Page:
They say that hundred years ago you stand on the banks of the Columbia RIver and imagine walking across the river on the backs of salmon. We don't see that kind of abundance today at Broughton Beach, just down the road. We can't really fathom it by watching the salmon that are left run each fall up a muddy, dam-chastened river. We need to see it in the flesh to really get it. We need to wade in a place like Yantarni Creek.
Yantarni is 400 miles southwest of Anchorage, Alaska, and a few weeks ago I bore down on it in a growling Dehavilland Beaver, drifting across a low dune at the creek's mouth and bumping gently to landing on a grass strip along the streambank. A small group of friends and colleagues tumbled out of the plane, part of week's long exploratory fishing trip to the Bristol Bay region with the conservation organization I work for. We walked down to the edge of the creek. It was alive. Crawling with spawning pink salmon. We'd been told to expect active coho salmon, willing to bite on flies. But not this. And coming more than an hour in the plane south from Bristol's fecund rivers and lakes, across the intimidating peaks of the Alaska Peninsula and then hugging a severe coast marked by several-thousand-foot drops and steep glaciers as we made our way southwest along the peninsula to Yantarni, I wasn't sure what sort of life we would find.
But here in a gentle, uninhabited valley, the creek dropped out of the heights 10 miles away and spread out into five or six braids, before snaking around the dune and out to the sea. It washed clear and cold over cobbled flats. And the humpbacked pink males flocked to the place. Everywhere in the shallows their dorsal fins were cutting paths to hollowed bowls of redds. For an eye used to homing in on the novelty of one or two redds, it was staggering -- a quantum mental leap just to absorb it all. Through the first afternoon, I set down my rod a lot and gravitated to the smallest side channels. There I could break the scene down into the small components of a few nests. I tried not to disturb the dance of submerged females shadowed by dominant males, with the opportunistic young bucks darting in and out to get a shot at eternity. They were all skittish of my own shadow, let alone my feet. I trudged through many a redd in my boots -- you couldn't avoid it in moving up and down the river. But I never got used to walking through that hallowed ground.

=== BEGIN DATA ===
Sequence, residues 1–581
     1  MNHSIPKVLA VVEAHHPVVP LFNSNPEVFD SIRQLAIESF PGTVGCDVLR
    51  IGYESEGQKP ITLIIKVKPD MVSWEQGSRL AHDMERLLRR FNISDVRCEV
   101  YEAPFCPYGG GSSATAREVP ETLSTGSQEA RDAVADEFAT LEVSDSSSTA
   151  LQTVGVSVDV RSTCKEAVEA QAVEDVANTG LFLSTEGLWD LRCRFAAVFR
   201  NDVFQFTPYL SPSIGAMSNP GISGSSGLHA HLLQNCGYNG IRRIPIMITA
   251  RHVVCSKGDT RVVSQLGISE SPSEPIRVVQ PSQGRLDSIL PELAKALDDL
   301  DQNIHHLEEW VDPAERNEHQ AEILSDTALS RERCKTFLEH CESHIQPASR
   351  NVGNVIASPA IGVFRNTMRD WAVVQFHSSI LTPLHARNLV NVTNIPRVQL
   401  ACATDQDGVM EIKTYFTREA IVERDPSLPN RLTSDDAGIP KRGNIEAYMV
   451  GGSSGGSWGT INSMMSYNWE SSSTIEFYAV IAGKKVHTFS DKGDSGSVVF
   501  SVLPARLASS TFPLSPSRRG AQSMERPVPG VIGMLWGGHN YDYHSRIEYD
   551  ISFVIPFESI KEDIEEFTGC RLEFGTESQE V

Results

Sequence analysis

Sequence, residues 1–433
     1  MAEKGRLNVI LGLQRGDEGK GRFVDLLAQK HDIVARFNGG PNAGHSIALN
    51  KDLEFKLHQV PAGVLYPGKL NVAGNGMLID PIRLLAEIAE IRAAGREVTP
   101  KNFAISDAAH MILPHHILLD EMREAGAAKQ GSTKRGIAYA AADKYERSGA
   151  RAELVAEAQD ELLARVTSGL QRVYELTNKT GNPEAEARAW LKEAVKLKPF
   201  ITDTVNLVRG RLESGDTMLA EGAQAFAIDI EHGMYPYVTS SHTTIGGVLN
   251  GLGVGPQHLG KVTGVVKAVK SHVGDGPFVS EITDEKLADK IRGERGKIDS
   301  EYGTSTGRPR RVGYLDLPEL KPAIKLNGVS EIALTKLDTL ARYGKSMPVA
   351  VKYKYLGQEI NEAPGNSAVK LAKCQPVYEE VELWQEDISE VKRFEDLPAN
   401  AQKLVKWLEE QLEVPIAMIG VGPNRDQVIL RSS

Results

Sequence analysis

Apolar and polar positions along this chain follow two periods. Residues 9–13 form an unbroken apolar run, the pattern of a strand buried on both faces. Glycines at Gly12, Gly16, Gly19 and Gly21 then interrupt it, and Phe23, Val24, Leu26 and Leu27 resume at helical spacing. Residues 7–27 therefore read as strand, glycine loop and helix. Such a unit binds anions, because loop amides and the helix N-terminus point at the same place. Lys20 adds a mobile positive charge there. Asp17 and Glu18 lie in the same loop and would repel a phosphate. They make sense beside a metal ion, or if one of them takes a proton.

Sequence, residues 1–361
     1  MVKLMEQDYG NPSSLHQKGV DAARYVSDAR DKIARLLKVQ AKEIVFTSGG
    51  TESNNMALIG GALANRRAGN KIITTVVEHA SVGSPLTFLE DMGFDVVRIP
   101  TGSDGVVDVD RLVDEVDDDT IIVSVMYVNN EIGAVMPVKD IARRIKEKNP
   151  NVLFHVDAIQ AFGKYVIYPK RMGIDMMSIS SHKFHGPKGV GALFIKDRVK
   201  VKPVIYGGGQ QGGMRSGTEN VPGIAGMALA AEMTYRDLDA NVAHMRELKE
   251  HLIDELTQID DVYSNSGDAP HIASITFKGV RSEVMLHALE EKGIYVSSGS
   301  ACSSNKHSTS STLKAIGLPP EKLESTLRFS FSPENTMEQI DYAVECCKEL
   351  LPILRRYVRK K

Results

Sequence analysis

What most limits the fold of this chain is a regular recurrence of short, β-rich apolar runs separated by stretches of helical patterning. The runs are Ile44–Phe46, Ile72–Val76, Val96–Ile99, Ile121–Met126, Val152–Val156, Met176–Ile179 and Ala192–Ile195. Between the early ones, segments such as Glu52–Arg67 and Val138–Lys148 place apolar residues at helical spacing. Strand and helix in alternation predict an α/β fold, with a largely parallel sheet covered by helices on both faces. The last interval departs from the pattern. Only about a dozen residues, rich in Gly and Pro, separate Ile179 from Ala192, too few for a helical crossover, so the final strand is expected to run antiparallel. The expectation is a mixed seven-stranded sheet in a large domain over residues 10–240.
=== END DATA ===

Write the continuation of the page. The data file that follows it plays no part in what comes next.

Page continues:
With time and settled patience along the larger spawning channels -- maybe 50 feet across -- you could watch waves of fish move through a whole cycle of energy in this last flourish of their lives. The expectant, deliberate move up from the lower reaches into a redd. The athletic contest around the nest. And then the slow drift away from the action, succumbing to the current, dropping out, belly to the sky, carried to the margins of the creek and expiring into sheer nutrients.
The coho were leapfrogging the beds and working their way up the creek to higher pools to spawn. For the moment, at least, the bears left the creek alone (though the other plane flying in just ahead of us had spied one on a stream at the far south end of the valley). Friends who knew what they were doing got the coho to rise and swim across the surface to chomp on a fly skidding across the water. One fisherman likened it to a Jaws scene.
At one point our guide called me over to a clear, deep pool against a bank. It was no bigger than my kitchen end to end. There were two dozen fish there, just resting. Several sizeable cohos, at least one Dolly Varden and lots of pinks. "Just fling a line in there and strip your fly through extremely fast." On the third try, one coho lept for it and, once on, put up a big fight. (After that first fish, the camera seemed the most sporting device to use there.)
Why were coho biting? The logic is they are done feeding when they enter fresh water but haven't yet lost their predatory feistiness. But of the coho we kept for that night's meal, one fish's stomach was full of pink eggs. Apparently some coho were still hungry. When a cook who had flown in with us laid them out in steaks on our table in the mess tent that night, all the coho melted mildly on your tongue.
On the second and final day at Yantarni, I walked in heavy waders down to the beach, over the dune, and down a mile or two on untread sand to some cliffs. The gentle hills up behind bled into a fall burgundy and the dune grass into a fiery red. At the crest of the dune, the grass was here and there matted into a trail (thankfully I didn't realize until long after that these were probably bear trails.) A gentle surf chased shore dodgers up and down the tide line. The bay beyond was dotted with a few rock towers. I saw one tug with a barge making its way outside the towers. No fishing boats plied, though. This bay is closed to commercial fishing. The pinks swim up to spawn with impunity at Yantarni, forming a reserve, a hedge against whatever ailments well up elsewhere.
And standing on the shallow rock reefs at low tide and looking across at this sweep, the plastic detritus of bottles and buckets and nylon netting at the back of the beach faded from view. The exhaustive human experiment paused for a moment. Oxygen itself seemed in reserve, flowing with a deep, cold clarity. Abundance seeped in.